On my 25th birthday, I’d say, “You’re going to start a photography business two months from today. It’s going to be fun and hard and rewarding and frustrating. But if you work hard (because it’s not just photography, it’s also web design, accounting, legal, education, marketing, publicity, copywriting, graphic design, and customer service), you’ll get to leave your day job and be your own boss. I know it seems hard right now, but keep going. Keep meeting people. Keep being kind. Keep learning new photography tricks. Keep figuring out who/what  inspires you. JUST. KEEP. GOING. It’s just going to take time.” And it did. :)

    What words of wisdom would you tell someone who is thinking of leaping into the unknown and chasing his/her passion?

    1) Do something you love. If you’re not certain that you love it, find something else. 2) ASK OTHERS FOR HELP. 3) Be patient. Be consistent but patient. It will take time unless you’re a biz genius in which case I want to invest! 4) Be kind. No one will want to support you or buy your product or hire you if you suck. 5) Listen to the “How I Built This” podcast for inspiration.

    Shout out to Autumn for being a true inspiration. To follow her on her journey, check her out on Instagram, Facebook and on her website

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    Advice, Real Life

    Coffee Talk: The World Would be a Better Place if We Focused on Building Each Other Up


    Coffee Talk is a monthly series that dives headfirst into real life territory. Consider it like a deep conversation with a friend where nothing is off limits. Take a seat, grab your mug and let’s chat.

    I shared a post on Instagram recently and it resonated with a lot of people. And that’s probably because most of us have been here at some point. You might even be there now. I know I was.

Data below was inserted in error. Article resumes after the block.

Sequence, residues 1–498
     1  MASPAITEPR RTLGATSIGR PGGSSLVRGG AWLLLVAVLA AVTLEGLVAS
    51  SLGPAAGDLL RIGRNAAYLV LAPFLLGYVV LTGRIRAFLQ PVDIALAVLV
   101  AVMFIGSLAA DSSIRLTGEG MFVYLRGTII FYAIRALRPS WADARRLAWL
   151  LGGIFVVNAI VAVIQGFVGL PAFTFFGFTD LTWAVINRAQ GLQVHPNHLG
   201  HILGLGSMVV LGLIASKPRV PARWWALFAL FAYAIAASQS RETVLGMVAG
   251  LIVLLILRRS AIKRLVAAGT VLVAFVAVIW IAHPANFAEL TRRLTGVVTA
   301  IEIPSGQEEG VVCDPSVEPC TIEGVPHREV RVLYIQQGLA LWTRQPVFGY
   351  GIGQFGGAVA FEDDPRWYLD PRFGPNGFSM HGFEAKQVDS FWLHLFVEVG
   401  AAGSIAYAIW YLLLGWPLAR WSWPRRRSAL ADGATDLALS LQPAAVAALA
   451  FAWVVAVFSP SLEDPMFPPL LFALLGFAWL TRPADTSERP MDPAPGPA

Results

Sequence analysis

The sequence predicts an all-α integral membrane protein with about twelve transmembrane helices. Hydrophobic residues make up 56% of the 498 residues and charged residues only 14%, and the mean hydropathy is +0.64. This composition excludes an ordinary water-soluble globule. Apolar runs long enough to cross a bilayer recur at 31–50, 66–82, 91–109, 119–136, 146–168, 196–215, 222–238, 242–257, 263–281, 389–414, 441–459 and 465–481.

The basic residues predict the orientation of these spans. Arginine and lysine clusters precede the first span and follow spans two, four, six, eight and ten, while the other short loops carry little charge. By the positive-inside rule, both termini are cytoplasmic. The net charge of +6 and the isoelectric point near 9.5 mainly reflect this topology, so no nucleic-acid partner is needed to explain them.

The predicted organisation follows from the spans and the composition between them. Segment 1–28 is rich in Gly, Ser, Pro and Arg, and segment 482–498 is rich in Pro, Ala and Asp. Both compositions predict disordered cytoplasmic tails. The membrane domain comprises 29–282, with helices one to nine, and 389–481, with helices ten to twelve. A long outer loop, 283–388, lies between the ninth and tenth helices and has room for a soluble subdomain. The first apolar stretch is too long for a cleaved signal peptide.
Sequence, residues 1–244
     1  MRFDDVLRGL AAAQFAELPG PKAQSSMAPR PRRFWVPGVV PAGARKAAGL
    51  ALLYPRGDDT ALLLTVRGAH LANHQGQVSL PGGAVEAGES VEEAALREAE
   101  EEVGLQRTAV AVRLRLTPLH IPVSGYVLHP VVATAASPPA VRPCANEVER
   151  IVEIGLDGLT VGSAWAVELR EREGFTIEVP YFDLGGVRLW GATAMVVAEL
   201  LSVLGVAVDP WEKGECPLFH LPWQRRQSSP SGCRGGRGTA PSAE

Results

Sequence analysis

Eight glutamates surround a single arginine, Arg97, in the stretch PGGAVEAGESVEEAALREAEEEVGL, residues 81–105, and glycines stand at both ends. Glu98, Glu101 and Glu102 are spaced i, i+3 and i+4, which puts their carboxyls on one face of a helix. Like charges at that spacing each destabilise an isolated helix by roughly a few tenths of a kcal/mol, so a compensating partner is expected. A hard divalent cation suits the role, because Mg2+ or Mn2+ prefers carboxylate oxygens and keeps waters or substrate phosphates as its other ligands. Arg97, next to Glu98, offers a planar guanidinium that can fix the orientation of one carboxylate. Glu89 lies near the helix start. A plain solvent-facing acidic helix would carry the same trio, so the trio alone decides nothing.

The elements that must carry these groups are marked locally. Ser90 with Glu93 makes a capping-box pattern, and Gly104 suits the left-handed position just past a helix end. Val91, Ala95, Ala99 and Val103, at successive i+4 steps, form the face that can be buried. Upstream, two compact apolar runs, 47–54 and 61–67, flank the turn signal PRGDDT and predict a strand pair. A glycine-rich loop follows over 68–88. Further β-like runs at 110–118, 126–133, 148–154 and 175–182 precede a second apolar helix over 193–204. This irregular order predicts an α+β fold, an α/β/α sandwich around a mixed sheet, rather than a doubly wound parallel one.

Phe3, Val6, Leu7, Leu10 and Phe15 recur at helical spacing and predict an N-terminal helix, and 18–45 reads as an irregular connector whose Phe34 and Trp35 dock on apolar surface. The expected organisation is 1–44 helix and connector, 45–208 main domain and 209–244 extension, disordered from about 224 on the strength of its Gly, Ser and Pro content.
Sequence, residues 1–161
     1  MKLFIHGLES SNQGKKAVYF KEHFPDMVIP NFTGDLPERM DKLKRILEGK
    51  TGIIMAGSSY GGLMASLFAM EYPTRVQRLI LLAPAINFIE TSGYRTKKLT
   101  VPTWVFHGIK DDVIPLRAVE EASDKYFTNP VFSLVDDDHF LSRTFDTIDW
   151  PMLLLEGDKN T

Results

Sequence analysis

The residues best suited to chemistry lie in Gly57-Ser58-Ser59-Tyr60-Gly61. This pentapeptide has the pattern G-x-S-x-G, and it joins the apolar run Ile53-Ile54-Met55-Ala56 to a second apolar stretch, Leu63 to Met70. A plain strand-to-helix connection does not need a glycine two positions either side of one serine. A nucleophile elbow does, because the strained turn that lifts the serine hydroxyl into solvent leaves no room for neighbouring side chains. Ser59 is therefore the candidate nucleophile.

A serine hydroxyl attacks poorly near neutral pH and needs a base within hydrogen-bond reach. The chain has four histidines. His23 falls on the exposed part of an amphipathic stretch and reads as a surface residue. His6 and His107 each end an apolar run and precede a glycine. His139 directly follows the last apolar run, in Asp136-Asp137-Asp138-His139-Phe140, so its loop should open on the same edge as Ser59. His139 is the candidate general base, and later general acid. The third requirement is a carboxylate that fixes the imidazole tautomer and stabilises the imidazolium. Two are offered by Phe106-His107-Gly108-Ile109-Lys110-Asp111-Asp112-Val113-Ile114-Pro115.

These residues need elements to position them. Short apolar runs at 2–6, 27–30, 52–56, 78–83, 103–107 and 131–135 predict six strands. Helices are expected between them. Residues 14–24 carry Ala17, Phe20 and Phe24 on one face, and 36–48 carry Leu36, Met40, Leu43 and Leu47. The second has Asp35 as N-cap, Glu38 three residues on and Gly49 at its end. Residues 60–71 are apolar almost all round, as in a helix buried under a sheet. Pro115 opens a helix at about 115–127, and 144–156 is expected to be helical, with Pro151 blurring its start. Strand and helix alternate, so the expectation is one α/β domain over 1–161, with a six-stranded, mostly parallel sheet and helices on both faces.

Story time…

    I used to work at a PR firm, and as much as I liked it, I wont lie to you, it was pretty stressful at times. One random Tuesday shit had hit the fan. Big time. I was tired. I was frustrated. And I lacked one very important thing: self-confidence. I shuffled into my boss’ office, closed the door and before he even knew what I was going to say, he pointed at a chair in the corner of his office and said, “Natalie, the opportunity chair is open.”

    The opportunity chair? Was this guy serious? Here I was, having the worst day of my professional career and he’s shoving some stupid, metaphorical chair in my face? (I quickly understood this was about so much more than a chair)

    That moment made me realize the sad truth. He believed in me more than I believed in myself. While I spent so much time doubting my abilities, he saw nothing but potential. Potential I was too afraid to face head-on and run with. It’s amazing what you can do when you have the confidence in your abilities and see yourself the way others do. It was a breakthrough.

    And it made me wonder…why do we choose to stand in our own way so often? Why do we hold ourselves back from being awesome? Think about that for a moment.

    Because, here’s the thing — opportunity is everywhere. Or, as my boss would say, “opportunity chairs” are everywhere.

    So, let’s promise each other something. Let’s promise to stop telling ourselves we’re not good enough or not experienced enough. Sure, maybe you didn’t go to school for photography or marketing or astrology or hand-lettering.